INDIANAPOLIS – People are crying for Caleb “Biggie” Swanigan in West Lafayette today. People are crying at Purdue. People are crying on the south side of Indianapolis, which is where I live. A man is crying in the living room here. I’m alone.
We are emotional because Biggie was wonderful and because this isn’t the natural order of life. We don’t bury our children. No, Biggie wasn’t my child, or yours. But he was ours, you know? And he was so young. Too young, just 25, when news of his death was announced Tuesday morning.
We are crying here, and we are crying there. Just spoke with Chris Forman, Purdue’s associate athletics director for communications and the Boilermakers’ basketball spokesman. He’s a stats guy, Forman, always coming up with nuggets of information about Purdue basketball, but he’s like you and me right now. He’s devastated.
More:How the late Caleb ‘Biggie’ Swanigan fared at Purdue, in high school, NBA
More:Former Purdue basketball All-American Caleb Swanigan dies at 25
“You think about where he came from,” Forman said. “You think about what he overcame to get here. That’s the thing that hurts the most. ”
Don’t say Biggie grew up “poor.” Poor would’ve been better. He grew up penniless, homeless, living for a time under a bridge in Utah. None of his five siblings graduated high school. Three ended up facing criminal charges. In time, Biggie would become the fourth.
Caleb Swanigan battled his weight his whole life
He was a huge kid, tall and unhealthy and overweight, weighing 360 pounds before eighth grade when he moved from Utah to Fort Wayne to live with a longtime family friend and sports agent, Roosevelt Barnes. This wasn’t a recruiting thing for Barnes, not an investment in the future as people tried to make it over the years, seeing how Barnes had played football at Purdue and Swanigan ended up at Purdue and then in the NBA and isn’t that convenient?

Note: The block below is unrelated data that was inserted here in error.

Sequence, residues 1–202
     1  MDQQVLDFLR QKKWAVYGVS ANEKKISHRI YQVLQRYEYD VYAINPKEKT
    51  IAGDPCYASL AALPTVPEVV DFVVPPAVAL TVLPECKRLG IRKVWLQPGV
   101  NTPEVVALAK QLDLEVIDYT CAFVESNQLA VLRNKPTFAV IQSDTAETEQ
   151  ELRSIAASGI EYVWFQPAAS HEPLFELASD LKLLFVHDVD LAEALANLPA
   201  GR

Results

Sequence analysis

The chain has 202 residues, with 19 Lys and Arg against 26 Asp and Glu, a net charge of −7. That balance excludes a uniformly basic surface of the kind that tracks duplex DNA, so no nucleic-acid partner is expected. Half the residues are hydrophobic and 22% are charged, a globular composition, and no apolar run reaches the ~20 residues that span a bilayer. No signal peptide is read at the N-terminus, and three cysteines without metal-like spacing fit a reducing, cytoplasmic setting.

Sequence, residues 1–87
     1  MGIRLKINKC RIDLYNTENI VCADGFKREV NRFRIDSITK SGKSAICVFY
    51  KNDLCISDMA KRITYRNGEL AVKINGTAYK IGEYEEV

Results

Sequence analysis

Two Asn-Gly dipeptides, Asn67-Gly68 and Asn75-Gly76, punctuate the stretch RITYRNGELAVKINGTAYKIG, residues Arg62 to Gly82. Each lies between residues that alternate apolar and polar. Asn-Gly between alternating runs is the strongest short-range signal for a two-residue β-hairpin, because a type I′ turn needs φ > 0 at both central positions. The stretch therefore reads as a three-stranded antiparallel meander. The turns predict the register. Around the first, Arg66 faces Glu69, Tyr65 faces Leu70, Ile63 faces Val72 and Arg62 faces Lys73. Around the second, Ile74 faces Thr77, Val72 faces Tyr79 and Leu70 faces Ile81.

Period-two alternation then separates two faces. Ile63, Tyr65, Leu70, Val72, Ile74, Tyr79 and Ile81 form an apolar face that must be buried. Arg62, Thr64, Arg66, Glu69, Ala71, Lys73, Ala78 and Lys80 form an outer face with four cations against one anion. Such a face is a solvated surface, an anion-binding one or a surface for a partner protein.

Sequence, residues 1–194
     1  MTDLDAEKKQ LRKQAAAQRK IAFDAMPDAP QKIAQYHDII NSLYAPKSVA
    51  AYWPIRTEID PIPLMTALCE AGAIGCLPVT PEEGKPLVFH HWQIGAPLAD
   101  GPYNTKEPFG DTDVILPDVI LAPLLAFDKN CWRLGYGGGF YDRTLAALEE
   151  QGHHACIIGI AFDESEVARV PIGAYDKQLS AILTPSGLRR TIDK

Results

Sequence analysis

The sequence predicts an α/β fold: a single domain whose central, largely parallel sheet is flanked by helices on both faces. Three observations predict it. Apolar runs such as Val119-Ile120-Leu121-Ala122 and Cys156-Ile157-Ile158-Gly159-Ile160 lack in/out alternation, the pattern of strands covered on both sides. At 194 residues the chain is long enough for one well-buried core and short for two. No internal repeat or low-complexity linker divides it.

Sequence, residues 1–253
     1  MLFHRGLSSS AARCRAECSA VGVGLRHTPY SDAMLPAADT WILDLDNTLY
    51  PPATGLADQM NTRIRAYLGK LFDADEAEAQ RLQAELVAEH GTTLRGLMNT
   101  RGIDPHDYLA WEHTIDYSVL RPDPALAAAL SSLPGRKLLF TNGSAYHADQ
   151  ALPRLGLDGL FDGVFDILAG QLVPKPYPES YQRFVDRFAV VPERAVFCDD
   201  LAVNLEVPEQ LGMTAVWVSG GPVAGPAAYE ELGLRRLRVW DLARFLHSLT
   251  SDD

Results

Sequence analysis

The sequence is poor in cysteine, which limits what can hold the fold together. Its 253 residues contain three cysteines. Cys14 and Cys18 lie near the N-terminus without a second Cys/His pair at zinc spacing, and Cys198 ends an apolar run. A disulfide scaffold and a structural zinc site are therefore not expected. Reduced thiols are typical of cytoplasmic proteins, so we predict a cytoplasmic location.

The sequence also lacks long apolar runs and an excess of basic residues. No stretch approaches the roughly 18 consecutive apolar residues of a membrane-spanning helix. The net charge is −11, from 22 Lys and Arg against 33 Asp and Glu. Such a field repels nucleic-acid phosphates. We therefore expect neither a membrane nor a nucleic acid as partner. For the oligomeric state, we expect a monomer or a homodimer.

Their relationship was never about convenience. On Biggie’s first morning in his new home, Barnes told him to grab some cereal before they went to the gym. Biggie grabbed a box of Kellogg’s Special K, a big one, and emptied it with a gallon of milk. Our high school insider Kyle Neddenriep told that story in 2015, when Biggie earned the IndyStar Mr. Basketball award. He was a future Purdue All-American and NBA first-round pick by the Portland Trail Blazers.
But in 2010 he was an obese kid being given a shot at a better life by Barnes.
He always did battle his weight. Some people are genetically predisposed, and that was the case with Biggie. One of the final times I saw him, a practice day at the 2017 NCAA tournament in Kansas City,
Biggie was riding a stationary bike. He was wearing a sweatsuit, the kind wrestlers wear to cut weight before weigh-in. Even then, a college athlete, just 20, Biggie was fighting off his body’s natural inclinations.
Five years later his body won, and we have lost. He died of natural causes.
Biggie’s final two years on this planet were much like his first 13 – they were hard. He was arrested by Columbia City police, just west of Fort Wayne, in May 2021 for possession of marijuana. By then he’d been out of the NBA for nearly a year, after opting out of the bubble when the league restarted during the coronavirus pandemic in July 2020. He was later released by Portland.